TRIAL STAGES: Pretrial: Investigations (Article 32)


2008 (September Term)

United States v. Von Bergen, 67 M.J. 290 (the military judge abused his discretion in denying appellant an Article 32, UCMJ, investigation on rehearing, where appellant had waived such an investigation in a pretrial agreement when he originally pleaded guilty to possessing but had pleaded not guilty at the rehearing, withdrawn from the pretrial agreement, and requested an investigation; appellant’s original plea was improvident as a matter of law, which had the effect of canceling the pretrial agreement according to its terms, and the effect of the rehearing and appellant’s subsequent withdrawal from the agreement was to place the parties in their pretrial status quo ante).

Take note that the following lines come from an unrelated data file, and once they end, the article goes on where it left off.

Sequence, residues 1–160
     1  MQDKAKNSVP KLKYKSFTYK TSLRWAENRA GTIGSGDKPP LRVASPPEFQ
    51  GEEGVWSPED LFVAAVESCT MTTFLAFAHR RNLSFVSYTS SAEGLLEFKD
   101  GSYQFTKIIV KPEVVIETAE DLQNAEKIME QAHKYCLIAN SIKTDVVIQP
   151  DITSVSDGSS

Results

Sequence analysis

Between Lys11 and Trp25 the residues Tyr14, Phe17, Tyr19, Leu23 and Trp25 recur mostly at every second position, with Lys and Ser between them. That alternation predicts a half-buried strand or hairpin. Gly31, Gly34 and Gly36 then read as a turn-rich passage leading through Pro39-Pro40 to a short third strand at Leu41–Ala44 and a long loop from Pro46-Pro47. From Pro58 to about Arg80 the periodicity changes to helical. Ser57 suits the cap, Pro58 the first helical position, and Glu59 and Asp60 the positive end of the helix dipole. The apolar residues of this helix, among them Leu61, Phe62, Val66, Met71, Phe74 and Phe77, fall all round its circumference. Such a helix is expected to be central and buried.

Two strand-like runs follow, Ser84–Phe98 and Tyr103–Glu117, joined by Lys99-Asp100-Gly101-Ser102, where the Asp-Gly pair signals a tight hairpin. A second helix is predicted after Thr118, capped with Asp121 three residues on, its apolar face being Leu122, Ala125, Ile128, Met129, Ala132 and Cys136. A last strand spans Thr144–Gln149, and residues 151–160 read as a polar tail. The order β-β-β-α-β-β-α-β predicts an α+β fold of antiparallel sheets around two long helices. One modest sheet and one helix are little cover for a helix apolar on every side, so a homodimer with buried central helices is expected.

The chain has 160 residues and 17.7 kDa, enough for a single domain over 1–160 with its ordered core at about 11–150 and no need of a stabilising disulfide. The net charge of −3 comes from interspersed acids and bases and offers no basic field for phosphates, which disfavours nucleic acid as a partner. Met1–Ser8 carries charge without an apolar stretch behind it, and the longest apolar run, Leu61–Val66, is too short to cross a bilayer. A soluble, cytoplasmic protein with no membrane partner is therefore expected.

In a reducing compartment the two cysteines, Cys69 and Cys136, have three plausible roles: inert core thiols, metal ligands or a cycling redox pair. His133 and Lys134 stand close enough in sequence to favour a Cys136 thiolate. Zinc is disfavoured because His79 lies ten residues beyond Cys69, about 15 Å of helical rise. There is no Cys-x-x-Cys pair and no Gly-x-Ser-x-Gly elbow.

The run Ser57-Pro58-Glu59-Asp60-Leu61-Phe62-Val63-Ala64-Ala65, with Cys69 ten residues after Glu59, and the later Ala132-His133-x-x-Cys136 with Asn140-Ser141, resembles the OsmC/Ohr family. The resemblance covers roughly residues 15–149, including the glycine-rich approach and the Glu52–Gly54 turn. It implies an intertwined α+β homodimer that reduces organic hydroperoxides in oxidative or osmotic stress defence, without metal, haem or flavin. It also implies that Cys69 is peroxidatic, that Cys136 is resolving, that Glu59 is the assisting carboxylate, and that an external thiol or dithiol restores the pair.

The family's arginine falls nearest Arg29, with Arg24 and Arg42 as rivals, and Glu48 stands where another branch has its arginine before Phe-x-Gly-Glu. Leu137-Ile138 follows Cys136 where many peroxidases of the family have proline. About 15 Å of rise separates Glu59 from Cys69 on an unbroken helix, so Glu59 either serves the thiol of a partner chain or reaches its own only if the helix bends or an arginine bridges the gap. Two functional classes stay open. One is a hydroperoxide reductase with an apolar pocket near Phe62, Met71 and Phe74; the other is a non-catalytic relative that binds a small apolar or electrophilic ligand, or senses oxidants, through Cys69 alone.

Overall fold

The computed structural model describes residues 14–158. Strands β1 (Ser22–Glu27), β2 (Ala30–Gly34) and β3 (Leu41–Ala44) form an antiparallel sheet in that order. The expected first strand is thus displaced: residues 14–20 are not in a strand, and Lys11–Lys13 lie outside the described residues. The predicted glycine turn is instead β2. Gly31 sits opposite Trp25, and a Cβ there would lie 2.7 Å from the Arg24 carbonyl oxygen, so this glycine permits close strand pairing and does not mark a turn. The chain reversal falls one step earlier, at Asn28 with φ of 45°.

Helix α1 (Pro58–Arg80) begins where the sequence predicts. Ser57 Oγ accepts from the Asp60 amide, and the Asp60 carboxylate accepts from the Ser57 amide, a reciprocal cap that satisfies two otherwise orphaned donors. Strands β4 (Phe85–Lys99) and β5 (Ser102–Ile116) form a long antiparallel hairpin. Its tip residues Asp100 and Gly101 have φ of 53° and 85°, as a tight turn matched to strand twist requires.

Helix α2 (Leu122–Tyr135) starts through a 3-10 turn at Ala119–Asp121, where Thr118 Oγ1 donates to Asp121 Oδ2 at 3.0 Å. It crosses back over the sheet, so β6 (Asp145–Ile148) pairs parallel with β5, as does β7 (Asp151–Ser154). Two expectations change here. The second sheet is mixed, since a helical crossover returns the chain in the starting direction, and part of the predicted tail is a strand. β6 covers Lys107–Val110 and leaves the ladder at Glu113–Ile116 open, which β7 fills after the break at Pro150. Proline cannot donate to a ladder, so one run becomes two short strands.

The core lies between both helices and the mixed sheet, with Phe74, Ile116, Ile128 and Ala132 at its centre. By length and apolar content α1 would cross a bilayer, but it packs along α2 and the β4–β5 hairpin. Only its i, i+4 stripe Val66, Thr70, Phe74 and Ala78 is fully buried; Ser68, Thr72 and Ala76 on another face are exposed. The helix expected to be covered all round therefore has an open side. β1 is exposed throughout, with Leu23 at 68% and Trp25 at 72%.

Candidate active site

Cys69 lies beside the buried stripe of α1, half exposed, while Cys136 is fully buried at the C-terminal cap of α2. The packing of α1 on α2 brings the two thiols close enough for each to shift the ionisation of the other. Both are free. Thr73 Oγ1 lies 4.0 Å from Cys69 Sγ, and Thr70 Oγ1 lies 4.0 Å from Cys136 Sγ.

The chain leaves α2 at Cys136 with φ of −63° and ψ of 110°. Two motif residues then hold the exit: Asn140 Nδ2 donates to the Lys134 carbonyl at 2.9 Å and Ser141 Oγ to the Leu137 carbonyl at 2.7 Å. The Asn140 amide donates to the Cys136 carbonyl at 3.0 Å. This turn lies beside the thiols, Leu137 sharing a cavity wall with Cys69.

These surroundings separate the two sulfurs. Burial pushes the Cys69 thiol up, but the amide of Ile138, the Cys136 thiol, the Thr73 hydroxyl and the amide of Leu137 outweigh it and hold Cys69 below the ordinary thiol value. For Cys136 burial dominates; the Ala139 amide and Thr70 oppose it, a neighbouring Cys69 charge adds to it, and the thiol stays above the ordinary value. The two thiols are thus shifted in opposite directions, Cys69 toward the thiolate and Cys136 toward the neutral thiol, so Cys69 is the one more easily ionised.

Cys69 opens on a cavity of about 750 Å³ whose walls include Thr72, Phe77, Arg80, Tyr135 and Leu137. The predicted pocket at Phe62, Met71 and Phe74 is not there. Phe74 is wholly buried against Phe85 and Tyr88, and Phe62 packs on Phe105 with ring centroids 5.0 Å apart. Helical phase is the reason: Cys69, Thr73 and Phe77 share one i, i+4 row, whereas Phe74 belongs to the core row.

(the effect of ordering a rehearing is to place the United States and the accused in the same position as they were at the beginning of the original trial; as one of the first steps in a general court-martial proceeding is an Article 32, UCMJ, investigation, unless the accused waives it, one of the first steps at a rehearing in a general court-martial proceeding should likewise be an Article 32, UCMJ, investigation if not previously afforded to the accused).

 

2007

 

United States v. Davis, 64 M.J. 445 (a formal pretrial investigation is a predicate to the referral of charges to a general court-martial unless the accused waives the pretrial proceeding; the procedures for an Article 32 hearing include representation of the accused by counsel, the right to present evidence, and the right to call and cross-examine witnesses).